What is a hazard in ISO 14971?
The hazards in ISO 14971 are defined as potential sources of harm. Your organisation needs to identify all the possible hazards of your product which requires you to understand the medical device’s intended use. Annex C.2 of ISO 14971 provides some examples of hazards which can be classified into the following:
- Energy hazards – leakage current, high-pressure fluid injection, ionising radiation and cryogenic effects etc.
- Biological and chemical hazards – bacteria, viruses, corrosive, flammable, toxic etc.
- Performance-related hazards – data systems security, diagnostic information and functionality etc.
What is the difference between ISO 14971 and EN ISO 14971?
The ISO 14971 document is an international standard, and it is intended to be applicable worldwide. However, the EN ISO 14971 document is more of a regional standard designed to be adopted in the European Union. Therefore, if you are planning on commercialising your medical device in the European Union, you must adhere to EN ISO 14971 and the additional risk management requirements required by the EU Medical Device Regulations.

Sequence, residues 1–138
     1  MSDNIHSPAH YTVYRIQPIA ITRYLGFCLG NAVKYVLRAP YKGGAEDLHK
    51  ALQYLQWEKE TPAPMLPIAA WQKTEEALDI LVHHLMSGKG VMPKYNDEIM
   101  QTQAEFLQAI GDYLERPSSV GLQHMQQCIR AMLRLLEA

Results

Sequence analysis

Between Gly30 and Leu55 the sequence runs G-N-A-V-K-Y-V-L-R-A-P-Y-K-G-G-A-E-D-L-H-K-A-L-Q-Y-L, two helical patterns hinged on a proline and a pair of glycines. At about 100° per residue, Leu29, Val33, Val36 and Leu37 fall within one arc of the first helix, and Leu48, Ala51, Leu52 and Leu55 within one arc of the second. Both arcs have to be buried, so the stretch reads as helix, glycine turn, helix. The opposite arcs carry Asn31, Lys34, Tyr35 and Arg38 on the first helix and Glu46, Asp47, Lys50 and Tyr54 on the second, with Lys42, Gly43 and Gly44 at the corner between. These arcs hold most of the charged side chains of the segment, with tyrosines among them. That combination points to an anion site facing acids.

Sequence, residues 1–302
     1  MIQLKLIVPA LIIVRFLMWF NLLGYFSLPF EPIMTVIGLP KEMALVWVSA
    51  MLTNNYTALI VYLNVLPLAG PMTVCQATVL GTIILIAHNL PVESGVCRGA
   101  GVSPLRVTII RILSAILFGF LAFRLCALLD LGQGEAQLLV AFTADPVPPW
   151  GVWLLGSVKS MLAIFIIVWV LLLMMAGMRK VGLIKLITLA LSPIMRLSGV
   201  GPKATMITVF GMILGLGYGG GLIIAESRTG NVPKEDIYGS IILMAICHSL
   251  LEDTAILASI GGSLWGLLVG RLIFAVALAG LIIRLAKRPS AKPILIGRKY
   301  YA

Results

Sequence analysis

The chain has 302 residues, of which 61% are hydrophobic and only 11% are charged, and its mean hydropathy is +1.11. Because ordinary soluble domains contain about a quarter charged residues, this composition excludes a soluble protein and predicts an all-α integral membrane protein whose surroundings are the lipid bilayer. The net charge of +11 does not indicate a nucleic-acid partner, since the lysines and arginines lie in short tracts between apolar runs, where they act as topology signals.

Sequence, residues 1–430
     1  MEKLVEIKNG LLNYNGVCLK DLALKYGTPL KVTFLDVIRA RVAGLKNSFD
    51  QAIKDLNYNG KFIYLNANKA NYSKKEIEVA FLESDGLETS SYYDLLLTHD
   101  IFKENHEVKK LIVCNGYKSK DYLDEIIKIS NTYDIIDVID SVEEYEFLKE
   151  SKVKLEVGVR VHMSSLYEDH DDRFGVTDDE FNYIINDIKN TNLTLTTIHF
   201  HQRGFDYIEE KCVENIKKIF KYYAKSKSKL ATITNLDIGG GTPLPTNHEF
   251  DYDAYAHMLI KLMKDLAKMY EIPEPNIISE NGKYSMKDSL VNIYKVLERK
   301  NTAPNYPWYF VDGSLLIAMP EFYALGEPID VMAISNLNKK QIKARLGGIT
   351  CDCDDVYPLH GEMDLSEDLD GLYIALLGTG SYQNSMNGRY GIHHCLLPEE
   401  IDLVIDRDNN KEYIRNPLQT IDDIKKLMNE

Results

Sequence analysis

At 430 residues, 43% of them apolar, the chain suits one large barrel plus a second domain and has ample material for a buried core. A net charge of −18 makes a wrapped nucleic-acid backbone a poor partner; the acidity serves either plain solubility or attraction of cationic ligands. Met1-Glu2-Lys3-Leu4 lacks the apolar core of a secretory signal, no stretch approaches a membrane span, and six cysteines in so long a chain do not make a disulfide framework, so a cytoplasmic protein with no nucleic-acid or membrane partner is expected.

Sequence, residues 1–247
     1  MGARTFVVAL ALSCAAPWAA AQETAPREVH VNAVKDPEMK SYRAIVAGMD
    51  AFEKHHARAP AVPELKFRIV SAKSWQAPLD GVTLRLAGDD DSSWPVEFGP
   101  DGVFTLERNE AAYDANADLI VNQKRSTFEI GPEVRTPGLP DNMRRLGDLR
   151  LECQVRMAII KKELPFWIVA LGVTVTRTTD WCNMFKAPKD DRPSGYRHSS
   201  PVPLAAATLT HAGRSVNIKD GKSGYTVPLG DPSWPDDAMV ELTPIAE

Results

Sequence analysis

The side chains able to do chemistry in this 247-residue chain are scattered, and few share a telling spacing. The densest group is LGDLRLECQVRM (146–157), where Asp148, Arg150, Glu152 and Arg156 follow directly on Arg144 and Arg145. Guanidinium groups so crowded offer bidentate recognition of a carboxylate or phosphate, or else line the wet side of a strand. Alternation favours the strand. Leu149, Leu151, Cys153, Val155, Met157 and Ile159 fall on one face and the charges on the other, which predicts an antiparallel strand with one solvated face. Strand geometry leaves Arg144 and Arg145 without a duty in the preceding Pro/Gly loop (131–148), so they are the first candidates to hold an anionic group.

In conclusion, the risk management process for the medical device life cycle is comprehensive. It requires your organisation’s effort in defining risk acceptability, identifying hazards, performing risk analysis and implementing risk mitigation measures.
Your organisation shall document all risk management processes in a risk management file. A quality management system will allow easier tracking and implementation the ISO 14971 risk management process. Feel free to contact us if you require our consultancy services to help kickstart your risk management system.